Bayes' theorem is a result in probability theory, which relates the conditional and marginal probability distributions of random variables. In some interpretations of probability, Bayes' theorem tells how to update or revise beliefs in light of new evidence.
The probability of an event A conditional on another event B is generally different from the probability of B conditional on A. However, there is a definite relationship between the two, and Bayes' theorem is the statement of that relationship. (As a formal theorem, Bayes' theorem is valid in all interpretations of probability. However, frequentist and Bayesian interpretations disagree about the kinds of variables for which the theorem holds.)
If all this means gobbedly gook to you, than I highly recommend the Economist article. It does a fairly decent job of conveying this concept in a way that releates quite well to real life decision making in light in insufficient data.
The key to successful Bayesian reasoning is not in having an extensive, unbiased sample, which is the eternal worry of frequentists, but rather in having an appropriate “prior”, as it is known to the cognoscenti. This prior is an assumption about the way the world works—in essence, a hypothesis about reality—that can be expressed as a mathematical probability distribution of the frequency with which events of a particular magnitude happen.For example, "the participants [in the Bayesian study] were asked about things as diverse as the number of lines in a poem (given how far into the poem a single line is), the time it takes to bake a cake (given how long it has already been in the oven), and the total length of the term that would be served by an American congressman (given how long he has already been in the House of Representatives). All of these things have well-established probability distributions, and all of them, together with three other items on the list—an individual's lifespan given his current age, the run-time of a film, and the amount of time spent on hold in a telephone queuing system—were predicted accurately by the participants from lone pieces of data."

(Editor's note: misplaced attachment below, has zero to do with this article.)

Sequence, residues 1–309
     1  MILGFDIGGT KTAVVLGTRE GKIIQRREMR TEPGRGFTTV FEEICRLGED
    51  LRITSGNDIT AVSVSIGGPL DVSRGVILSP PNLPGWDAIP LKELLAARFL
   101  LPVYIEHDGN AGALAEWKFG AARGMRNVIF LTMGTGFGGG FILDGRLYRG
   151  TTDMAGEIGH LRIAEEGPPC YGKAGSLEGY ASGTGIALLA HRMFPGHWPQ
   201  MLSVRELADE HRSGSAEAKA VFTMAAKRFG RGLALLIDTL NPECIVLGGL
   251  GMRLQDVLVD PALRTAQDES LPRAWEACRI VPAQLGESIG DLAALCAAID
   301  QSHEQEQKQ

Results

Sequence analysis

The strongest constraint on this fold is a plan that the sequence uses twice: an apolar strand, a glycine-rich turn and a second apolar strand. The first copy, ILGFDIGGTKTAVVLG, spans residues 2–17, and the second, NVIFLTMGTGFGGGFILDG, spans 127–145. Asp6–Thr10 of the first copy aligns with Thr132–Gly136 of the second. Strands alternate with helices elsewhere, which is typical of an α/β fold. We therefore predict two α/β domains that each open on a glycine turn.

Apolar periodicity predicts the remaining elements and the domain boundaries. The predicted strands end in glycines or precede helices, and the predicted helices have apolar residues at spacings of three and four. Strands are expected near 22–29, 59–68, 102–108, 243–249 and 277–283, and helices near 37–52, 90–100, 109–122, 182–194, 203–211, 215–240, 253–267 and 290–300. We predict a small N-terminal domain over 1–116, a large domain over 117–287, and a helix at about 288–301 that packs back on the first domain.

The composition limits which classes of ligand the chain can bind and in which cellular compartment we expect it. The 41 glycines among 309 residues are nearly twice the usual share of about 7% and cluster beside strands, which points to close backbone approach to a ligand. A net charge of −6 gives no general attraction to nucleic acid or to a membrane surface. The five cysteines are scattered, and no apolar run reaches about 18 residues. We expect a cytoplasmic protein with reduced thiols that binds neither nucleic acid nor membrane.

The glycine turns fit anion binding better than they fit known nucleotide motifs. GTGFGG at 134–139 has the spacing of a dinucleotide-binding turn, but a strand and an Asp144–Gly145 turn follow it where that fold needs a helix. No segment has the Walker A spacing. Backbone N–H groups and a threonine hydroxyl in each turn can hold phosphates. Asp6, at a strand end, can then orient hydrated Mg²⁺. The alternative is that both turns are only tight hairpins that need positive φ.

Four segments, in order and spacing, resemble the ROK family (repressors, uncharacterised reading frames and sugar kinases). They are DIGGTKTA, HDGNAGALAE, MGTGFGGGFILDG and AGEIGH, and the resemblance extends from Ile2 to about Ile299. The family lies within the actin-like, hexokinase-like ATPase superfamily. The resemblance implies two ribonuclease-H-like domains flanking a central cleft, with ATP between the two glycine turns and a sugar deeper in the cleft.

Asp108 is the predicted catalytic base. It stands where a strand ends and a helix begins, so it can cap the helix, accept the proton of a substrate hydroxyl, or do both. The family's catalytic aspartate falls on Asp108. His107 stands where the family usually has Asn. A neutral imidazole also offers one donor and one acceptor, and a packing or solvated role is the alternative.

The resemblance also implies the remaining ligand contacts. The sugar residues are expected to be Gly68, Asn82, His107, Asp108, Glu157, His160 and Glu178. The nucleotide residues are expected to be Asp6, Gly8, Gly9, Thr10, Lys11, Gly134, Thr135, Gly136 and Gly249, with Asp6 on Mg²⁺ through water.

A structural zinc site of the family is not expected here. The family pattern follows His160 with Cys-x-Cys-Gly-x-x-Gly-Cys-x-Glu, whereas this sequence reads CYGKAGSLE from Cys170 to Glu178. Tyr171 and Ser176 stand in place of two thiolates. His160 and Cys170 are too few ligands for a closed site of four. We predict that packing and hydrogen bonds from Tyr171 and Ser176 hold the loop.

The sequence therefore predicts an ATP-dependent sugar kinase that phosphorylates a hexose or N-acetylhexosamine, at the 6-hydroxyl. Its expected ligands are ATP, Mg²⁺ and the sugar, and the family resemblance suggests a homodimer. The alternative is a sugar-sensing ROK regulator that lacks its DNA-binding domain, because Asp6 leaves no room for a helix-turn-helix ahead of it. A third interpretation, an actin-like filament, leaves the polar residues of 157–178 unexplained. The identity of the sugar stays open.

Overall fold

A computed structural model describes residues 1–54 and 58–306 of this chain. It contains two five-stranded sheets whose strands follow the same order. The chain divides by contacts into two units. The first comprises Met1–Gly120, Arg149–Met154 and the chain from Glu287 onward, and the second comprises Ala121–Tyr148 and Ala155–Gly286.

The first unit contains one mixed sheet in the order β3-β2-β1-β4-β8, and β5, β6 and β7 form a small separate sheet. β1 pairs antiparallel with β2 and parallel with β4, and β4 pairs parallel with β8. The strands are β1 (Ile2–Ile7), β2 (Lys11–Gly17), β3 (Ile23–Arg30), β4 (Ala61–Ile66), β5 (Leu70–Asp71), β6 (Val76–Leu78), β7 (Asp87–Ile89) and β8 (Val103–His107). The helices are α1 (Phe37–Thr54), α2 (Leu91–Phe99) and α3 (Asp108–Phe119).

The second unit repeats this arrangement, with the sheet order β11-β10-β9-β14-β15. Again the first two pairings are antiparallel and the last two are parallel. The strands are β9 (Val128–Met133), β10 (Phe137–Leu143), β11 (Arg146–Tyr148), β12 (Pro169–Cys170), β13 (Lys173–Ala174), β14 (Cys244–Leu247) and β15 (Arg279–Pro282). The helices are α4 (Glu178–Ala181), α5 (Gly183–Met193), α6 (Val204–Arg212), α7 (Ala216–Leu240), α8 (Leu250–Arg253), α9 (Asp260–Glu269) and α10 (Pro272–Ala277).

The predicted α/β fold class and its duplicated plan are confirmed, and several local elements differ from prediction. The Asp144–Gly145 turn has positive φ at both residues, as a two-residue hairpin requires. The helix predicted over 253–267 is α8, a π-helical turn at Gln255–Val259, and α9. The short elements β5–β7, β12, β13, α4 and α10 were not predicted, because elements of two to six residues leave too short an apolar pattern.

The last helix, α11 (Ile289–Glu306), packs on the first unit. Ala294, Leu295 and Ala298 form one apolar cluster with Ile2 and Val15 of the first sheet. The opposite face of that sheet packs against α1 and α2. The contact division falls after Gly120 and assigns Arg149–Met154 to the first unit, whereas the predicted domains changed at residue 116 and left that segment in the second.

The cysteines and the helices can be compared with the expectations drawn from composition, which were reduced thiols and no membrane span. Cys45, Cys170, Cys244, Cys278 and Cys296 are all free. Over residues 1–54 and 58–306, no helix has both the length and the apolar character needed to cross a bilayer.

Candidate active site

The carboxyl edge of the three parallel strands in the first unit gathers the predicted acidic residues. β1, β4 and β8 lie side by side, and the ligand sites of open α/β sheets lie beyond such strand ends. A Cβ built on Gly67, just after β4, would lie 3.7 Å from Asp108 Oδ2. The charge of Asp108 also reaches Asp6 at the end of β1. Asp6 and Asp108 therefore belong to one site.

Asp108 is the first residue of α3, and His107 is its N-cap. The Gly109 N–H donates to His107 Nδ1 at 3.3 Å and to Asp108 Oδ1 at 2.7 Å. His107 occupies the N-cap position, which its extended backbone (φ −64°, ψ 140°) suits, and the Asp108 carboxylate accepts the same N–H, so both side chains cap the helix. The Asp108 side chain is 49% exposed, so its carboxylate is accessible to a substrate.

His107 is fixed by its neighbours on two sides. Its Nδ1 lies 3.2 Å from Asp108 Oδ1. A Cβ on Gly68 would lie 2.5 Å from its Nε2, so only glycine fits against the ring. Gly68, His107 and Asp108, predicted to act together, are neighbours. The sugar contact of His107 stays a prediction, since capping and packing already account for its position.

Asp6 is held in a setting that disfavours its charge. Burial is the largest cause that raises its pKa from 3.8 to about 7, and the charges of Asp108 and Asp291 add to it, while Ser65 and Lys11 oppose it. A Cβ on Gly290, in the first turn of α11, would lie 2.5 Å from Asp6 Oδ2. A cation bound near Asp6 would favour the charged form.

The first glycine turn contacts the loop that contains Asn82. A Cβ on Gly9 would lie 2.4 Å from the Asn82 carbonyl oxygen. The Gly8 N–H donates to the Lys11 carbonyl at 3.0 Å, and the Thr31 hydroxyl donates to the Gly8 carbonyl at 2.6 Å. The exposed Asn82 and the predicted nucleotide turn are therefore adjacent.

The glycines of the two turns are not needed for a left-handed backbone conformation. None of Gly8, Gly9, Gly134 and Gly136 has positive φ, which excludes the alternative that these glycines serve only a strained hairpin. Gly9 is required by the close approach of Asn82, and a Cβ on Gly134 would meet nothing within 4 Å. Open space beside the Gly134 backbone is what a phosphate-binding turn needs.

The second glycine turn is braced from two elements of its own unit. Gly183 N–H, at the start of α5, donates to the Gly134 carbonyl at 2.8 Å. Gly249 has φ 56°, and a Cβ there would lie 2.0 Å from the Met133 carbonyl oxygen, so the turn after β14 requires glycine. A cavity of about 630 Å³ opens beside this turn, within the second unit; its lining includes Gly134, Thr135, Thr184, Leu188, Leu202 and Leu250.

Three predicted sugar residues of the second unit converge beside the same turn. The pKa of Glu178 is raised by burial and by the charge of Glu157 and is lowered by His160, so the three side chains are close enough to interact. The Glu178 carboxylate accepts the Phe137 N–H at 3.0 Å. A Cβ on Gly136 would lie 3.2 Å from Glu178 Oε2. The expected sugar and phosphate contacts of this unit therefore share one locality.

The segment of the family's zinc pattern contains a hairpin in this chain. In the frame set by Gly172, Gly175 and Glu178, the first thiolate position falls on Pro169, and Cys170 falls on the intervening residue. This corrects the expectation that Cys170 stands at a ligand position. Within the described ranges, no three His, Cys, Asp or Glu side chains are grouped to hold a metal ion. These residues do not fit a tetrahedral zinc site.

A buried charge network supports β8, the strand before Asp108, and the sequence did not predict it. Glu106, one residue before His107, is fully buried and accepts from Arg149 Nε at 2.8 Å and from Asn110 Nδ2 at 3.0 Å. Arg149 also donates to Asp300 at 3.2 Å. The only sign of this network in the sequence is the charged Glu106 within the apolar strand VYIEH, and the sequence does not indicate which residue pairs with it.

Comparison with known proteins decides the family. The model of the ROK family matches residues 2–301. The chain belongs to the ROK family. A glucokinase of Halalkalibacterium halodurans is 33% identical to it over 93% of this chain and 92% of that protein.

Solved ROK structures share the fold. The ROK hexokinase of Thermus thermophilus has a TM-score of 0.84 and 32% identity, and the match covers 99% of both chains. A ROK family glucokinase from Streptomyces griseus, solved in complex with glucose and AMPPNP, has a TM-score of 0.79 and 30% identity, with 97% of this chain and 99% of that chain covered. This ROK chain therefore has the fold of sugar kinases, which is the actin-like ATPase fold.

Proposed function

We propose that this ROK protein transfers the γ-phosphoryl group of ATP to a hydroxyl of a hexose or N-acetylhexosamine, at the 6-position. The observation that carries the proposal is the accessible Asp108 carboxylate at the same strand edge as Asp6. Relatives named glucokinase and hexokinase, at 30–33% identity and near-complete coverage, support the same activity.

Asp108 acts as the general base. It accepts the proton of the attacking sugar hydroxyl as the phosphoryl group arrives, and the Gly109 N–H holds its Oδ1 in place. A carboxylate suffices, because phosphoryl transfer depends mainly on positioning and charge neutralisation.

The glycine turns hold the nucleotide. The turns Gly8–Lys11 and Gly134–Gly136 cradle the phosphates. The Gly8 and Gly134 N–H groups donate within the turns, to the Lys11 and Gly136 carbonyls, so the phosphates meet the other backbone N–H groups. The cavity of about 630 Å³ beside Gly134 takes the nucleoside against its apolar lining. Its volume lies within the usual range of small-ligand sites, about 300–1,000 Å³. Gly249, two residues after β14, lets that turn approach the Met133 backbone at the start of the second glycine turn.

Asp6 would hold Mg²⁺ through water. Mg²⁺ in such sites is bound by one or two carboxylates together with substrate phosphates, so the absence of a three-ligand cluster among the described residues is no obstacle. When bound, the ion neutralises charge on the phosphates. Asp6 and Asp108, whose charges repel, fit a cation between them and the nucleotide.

I'm reminded of AI researcher and Singularitarian Eliezer Yudkowsky who has insisted for years that this is how the brain works, and that this is the key to not just understanding our own minds, but that of artificial (super)intelligence as well. For more information, Yudkowsky has written a An Intuitive Explanation of Bayesian Reasoning.
Tags: Bayes Theorem, philosophy of mind, Neurology, Artificial Intelligence.